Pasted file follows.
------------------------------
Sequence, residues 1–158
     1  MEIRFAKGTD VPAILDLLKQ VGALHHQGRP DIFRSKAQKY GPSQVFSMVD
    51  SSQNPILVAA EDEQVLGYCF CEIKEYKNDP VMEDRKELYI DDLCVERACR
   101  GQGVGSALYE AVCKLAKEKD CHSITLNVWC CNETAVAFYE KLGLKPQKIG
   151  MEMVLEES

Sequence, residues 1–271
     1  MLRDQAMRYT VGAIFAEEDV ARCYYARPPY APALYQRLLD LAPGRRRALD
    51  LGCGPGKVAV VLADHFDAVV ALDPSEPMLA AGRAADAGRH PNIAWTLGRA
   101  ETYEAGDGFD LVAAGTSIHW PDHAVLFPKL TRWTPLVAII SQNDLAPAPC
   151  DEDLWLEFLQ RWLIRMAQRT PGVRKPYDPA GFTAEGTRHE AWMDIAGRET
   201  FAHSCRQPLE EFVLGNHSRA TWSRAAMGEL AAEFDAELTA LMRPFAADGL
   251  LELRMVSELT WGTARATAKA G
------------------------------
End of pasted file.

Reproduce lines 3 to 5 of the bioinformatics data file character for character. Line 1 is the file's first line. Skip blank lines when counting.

    51  SSQNPILVAA EDEQVLGYCF CEIKEYKNDP VMEDRKELYI DDLCVERACR
   101  GQGVGSALYE AVCKLAKEKD CHSITLNVWC CNETAVAFYE KLGLKPQKIG
   151  MEMVLEES